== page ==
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St James

Our patron is St James, known as 'the Great', probably because he was rather taller than the other disciple called James ('James the Less' or, more respectfully, 'James the Just'), who was the brother of Jesus.

James was the son of Zebedee and Salome.  Zebedee was a fisherman and James and his brother John joined him in the business.  They were working working with Simon Peter and Andrew when they were called to follow Jesus.

The two brothers, together with Peter, were present on key occasions throughout Jesus' ministry. They were there when Peter's wife's mother was healed and when Jesus raised Jairus' daughter.  They were witnesses to the Transfiguration and were with Jesus in the Garden of Gethsemane the night before his crucifixion.


After Jesus' resurrection, he met James and the other disciples at the Sea of Tiberias.  Following Jesus' Ascension, James was among those assembled in the Upper Room when they received the Holy Spirit and set out with courage to proclaim the Gospel.

James died a martyr around 44 A.D., executed by Herod Agrippa.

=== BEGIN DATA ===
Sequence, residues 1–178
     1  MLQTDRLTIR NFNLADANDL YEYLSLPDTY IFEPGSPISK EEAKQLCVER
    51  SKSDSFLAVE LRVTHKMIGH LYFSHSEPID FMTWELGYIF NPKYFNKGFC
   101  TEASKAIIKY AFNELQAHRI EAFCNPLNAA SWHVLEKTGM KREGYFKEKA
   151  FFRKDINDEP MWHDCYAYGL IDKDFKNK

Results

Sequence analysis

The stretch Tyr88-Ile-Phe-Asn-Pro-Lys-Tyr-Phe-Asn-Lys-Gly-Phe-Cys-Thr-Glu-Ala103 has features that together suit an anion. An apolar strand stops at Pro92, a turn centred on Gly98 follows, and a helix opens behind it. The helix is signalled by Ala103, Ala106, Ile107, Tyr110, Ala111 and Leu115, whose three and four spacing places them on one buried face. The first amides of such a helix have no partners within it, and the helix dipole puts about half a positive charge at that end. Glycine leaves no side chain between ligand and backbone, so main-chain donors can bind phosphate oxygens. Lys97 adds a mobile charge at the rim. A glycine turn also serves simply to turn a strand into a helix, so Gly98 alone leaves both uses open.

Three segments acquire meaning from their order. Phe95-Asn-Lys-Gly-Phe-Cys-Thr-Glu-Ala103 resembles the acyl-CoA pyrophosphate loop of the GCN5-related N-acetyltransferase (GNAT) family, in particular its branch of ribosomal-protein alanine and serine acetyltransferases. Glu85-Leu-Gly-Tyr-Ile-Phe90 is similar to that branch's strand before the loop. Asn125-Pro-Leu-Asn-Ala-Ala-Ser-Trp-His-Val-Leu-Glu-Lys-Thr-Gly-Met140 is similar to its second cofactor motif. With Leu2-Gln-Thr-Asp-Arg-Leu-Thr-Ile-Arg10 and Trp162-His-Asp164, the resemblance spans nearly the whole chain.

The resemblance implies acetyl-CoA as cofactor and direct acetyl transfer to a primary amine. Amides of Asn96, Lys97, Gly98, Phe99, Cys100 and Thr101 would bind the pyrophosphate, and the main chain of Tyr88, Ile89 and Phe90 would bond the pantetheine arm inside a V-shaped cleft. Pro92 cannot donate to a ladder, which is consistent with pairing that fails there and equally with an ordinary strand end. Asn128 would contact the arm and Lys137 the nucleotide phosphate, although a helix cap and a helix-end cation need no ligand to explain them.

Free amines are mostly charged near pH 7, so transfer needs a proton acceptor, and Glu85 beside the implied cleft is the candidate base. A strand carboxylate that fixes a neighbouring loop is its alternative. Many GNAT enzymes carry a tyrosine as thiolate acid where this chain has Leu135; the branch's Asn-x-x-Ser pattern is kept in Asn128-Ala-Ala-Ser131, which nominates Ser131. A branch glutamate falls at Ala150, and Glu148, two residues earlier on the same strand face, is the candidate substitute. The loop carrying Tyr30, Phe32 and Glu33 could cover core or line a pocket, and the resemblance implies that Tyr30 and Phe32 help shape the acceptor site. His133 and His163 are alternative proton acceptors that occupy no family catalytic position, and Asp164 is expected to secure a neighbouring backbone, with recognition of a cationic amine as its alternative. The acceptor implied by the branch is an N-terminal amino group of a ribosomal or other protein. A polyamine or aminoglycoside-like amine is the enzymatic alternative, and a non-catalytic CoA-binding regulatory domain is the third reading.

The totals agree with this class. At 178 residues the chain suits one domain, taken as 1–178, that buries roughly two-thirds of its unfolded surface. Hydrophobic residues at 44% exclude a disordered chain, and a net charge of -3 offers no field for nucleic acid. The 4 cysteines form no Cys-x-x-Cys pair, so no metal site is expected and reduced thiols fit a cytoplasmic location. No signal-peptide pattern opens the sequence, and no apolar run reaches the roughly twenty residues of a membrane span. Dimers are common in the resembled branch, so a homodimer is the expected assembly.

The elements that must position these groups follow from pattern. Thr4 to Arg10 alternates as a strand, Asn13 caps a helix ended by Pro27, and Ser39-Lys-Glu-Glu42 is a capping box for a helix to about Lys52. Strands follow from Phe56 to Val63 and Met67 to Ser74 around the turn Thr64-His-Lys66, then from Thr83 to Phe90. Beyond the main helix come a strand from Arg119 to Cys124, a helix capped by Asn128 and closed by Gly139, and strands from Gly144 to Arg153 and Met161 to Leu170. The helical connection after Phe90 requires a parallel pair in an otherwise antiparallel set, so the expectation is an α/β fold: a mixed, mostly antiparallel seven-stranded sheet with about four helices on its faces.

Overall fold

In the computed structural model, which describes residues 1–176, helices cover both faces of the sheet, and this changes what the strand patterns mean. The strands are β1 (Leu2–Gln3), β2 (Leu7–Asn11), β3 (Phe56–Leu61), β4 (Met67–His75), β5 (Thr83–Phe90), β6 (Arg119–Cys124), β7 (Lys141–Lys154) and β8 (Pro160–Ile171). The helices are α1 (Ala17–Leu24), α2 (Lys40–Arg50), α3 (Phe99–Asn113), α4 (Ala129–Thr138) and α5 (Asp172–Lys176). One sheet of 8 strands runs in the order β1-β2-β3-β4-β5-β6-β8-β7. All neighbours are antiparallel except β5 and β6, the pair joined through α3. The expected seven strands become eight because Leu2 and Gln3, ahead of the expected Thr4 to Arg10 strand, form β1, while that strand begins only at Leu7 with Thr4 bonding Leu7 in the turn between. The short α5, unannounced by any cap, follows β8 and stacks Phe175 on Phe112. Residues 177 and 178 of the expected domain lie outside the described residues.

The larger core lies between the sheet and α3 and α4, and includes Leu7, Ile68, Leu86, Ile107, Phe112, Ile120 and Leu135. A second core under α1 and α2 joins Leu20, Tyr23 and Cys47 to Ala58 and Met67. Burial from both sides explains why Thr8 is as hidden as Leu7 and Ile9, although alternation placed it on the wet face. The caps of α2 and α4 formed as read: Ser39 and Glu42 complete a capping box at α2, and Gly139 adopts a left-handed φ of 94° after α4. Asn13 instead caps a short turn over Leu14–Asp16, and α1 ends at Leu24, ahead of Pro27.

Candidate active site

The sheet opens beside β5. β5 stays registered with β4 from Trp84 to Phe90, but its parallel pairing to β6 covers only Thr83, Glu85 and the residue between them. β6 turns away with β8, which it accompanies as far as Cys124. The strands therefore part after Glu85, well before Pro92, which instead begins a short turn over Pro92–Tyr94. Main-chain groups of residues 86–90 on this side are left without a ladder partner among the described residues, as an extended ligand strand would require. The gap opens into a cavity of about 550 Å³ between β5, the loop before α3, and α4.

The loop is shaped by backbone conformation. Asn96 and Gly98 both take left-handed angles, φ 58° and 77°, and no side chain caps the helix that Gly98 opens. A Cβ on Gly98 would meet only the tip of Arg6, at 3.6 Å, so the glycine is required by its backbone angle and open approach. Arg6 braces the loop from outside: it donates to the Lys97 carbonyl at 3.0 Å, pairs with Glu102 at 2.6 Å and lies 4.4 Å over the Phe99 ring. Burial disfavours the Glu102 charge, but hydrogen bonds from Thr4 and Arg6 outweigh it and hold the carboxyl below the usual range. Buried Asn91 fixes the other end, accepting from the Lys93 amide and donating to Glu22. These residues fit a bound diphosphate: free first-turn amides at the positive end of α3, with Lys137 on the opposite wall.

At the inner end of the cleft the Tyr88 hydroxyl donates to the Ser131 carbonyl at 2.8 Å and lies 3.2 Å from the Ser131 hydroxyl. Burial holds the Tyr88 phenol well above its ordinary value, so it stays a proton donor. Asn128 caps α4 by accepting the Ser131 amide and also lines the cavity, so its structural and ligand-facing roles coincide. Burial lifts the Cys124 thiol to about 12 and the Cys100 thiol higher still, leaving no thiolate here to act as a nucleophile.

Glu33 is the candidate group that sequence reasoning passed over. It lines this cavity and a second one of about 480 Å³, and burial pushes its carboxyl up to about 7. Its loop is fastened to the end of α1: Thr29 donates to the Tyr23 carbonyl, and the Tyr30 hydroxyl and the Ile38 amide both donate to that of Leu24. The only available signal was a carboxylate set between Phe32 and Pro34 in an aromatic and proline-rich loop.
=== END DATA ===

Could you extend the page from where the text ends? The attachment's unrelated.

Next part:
Scallop shell, a momento of Santiago de Compostela, in St James' Church, Wick
Statue of St James in Le Puy Cathedral

A statue of St James in Le Puy Cathedral, a starting point for pilgrimages to Santiago de Compostela.  He is shown as a pilgrim, with a staff and a wide-brimmed hat to keep off the wind and he rain.  The hat bears a scallop shell, which was to become his emblem.  Photo: Michael Krier, 2006, Confraternity of St James

James is credited with having taken the gospel message to Spain.  His remains were taken back to Compostela, which has become a destination for pilgrims since the Middle Ages.

A scallop shell, a memento of Santiago de Compostela, hangs in St James' Church in Wick.

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